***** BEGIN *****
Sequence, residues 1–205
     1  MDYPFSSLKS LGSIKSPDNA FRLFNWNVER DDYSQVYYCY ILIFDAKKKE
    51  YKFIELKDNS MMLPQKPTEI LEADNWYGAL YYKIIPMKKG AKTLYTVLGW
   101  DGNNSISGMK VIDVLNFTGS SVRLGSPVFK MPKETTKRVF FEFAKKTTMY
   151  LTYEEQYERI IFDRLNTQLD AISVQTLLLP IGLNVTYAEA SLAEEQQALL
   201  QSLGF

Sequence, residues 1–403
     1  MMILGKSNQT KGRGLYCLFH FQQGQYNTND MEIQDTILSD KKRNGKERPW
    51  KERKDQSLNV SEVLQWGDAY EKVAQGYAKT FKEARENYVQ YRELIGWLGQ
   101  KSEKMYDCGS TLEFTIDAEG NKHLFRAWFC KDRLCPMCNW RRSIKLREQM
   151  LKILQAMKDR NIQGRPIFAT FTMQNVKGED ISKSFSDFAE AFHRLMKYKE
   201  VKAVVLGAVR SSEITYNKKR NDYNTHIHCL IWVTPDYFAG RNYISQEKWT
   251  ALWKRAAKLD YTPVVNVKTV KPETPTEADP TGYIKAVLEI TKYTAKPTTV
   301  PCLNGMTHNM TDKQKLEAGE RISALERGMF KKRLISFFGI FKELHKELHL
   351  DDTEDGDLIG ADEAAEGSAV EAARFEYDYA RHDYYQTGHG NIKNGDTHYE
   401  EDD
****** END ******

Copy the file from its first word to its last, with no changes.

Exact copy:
Sequence, residues 1–205
     1  MDYPFSSLKS LGSIKSPDNA FRLFNWNVER DDYSQVYYCY ILIFDAKKKE
    51  YKFIELKDNS MMLPQKPTEI LEADNWYGAL YYKIIPMKKG AKTLYTVLGW
   101  DGNNSISGMK VIDVLNFTGS SVRLGSPVFK MPKETTKRVF FEFAKKTTMY
   151  LTYEEQYERI IFDRLNTQLD AISVQTLLLP IGLNVTYAEA SLAEEQQALL
   201  QSLGF

Sequence, residues 1–403
     1  MMILGKSNQT KGRGLYCLFH FQQGQYNTND MEIQDTILSD KKRNGKERPW
    51  KERKDQSLNV SEVLQWGDAY EKVAQGYAKT FKEARENYVQ YRELIGWLGQ
   101  KSEKMYDCGS TLEFTIDAEG NKHLFRAWFC KDRLCPMCNW RRSIKLREQM
   151  LKILQAMKDR NIQGRPIFAT FTMQNVKGED ISKSFSDFAE AFHRLMKYKE
   201  VKAVVLGAVR SSEITYNKKR NDYNTHIHCL IWVTPDYFAG RNYISQEKWT
   251  ALWKRAAKLD YTPVVNVKTV KPETPTEADP TGYIKAVLEI TKYTAKPTTV
   301  PCLNGMTHNM TDKQKLEAGE RISALERGMF KKRLISFFGI FKELHKELHL
   351  DDTEDGDLIG ADEAAEGSAV EAARFEYDYA RHDYYQTGHG NIKNGDTHYE
   401  EDD